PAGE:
Technological developments in the 21st century have led to an industrial revolution of sorts. Within the many African countries, this has been characterised by the rapid growth in the telecommunications industry: more specifically, the widespread use of cellphones and social networks like Twitter, Facebook and WhatsApp. Even though the level of technological development might not have reached the same levels in Africa as it has in the Global North, its effect cannot be ignored.
While intra-state conflicts, political instability and transnational security threats have become more pronounced, the access communities have to political elites has been influenced by technological improvements. Analysing security from the human security perspective) putting the individual at the centre of the security paradigm rather than the state) technology has played an integral role in the levels of security of communities and their perception of the influence they have over state security structures. However, as governments across the continent spend increasing proportions of their annual budget on technological improvements the question of budget priority becomes more pertinent. In addition to this, technological improvements and the spread of social media has led to more accountability mechanisms as the ordinary person’s access to information improves and is able to spread more rapidly.
There are a number of positive examples of the innovative use of social media to improve peace and security of individuals within Kenya. In 2012, the Kenyan Chief, Francis Kariuki, was recognised using twitter to track down missing livestock and to stop crime by identifying criminals or criminal acts. The District Commissioner praised his efforts stating that his innovative use of technology brought the government closer to the people. However, the praise for innovative social media usage is not widespread amongst the political elite.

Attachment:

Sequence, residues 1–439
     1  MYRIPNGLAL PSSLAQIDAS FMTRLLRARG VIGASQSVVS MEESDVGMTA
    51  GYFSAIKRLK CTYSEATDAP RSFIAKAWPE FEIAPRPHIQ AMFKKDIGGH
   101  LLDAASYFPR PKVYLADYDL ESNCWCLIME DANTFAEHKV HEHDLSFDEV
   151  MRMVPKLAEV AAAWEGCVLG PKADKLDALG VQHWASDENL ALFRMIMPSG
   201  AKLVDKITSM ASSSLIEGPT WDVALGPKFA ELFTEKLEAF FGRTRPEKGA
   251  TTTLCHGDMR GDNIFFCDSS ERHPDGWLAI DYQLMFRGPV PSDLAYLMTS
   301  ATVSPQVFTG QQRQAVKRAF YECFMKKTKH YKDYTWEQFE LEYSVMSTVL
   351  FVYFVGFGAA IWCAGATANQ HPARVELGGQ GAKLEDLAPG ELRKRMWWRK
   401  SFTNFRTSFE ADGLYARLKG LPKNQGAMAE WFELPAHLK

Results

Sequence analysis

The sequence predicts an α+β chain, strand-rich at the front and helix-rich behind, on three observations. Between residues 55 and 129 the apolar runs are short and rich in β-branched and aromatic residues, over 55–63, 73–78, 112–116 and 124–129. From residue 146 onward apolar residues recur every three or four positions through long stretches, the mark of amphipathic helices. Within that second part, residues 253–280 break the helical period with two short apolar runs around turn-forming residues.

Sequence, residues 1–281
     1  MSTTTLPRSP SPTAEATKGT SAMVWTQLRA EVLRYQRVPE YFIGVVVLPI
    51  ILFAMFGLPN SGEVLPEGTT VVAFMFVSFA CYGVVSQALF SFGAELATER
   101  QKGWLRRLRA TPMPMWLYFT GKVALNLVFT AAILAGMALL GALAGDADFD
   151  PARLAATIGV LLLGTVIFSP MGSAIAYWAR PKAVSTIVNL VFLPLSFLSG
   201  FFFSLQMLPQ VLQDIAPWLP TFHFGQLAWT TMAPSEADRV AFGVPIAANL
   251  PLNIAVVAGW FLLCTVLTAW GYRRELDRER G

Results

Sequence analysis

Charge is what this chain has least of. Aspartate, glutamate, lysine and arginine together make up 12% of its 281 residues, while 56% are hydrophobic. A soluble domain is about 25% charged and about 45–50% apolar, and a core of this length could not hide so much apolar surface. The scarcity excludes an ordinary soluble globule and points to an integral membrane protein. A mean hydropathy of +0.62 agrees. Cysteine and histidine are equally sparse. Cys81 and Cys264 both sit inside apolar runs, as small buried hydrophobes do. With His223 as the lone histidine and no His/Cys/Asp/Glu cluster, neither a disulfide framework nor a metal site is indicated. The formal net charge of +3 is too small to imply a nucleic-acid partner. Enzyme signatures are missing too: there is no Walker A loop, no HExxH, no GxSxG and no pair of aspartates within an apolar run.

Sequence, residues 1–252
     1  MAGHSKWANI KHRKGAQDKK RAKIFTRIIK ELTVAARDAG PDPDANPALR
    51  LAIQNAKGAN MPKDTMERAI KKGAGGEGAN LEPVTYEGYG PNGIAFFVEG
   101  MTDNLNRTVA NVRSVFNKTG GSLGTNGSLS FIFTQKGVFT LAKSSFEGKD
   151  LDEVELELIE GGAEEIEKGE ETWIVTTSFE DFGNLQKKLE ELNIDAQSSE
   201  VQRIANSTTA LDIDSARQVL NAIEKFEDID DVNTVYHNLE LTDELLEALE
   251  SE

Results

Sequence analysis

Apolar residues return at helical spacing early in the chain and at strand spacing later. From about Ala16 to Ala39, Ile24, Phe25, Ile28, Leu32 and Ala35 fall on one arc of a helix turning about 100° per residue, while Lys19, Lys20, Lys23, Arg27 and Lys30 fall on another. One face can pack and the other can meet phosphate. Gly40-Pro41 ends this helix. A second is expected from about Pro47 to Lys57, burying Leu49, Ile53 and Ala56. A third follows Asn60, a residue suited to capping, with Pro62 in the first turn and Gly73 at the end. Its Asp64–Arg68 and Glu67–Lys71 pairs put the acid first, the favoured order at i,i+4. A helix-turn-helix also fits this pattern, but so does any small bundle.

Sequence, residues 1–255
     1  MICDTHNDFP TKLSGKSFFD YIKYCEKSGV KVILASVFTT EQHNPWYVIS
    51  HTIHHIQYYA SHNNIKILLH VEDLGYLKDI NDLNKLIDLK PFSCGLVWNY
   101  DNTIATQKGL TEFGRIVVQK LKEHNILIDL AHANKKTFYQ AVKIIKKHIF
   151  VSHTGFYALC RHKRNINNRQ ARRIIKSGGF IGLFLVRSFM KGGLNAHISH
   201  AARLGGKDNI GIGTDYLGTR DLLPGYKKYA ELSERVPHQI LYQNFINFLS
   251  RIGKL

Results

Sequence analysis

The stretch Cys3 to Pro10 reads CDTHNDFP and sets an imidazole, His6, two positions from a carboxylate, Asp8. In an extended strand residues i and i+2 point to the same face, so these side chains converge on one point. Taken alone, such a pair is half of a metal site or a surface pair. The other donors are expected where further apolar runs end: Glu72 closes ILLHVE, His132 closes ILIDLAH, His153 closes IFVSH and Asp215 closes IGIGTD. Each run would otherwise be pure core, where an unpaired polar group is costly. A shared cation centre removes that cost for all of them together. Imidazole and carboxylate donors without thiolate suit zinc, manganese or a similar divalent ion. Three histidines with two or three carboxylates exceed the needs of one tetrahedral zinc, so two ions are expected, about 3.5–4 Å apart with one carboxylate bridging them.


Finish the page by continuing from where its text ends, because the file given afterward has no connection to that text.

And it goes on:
As the August elections approach, the Kenyan government has spent millions of Kenyan shillings on social media monitoring technology. As a result, there are fears that increased surveillance of social media will result in repression of basic human rights. In Kenya, this behaviour was characterised by the arrest of blogger, Ezer Kipurui. In Uganda, many social media platforms were shut down in the name of ‘’security concerns’. Social media repression has become a trend across the region as Burundi and Ethiopia also limited citizens’ access to information and limited their ability to report election irregularities through social media restrictions.
The role of social media in the lived experiences of people cannot be denied or ignored. Social media and technological advancement have led to innovative crime fighting and local conflict resolution strategies. It has also led to knowledge dissemination and the perception of government being closer to the individual. However, as communication networks expand, the ability of political elites to manipulate and distort those networks have also expanded. This has added a new dimension to advocacy efforts the work of human rights defenders. Therefore, technological developments have the ability to both enhance and hinder peace and security efforts in Africa and indeed globally.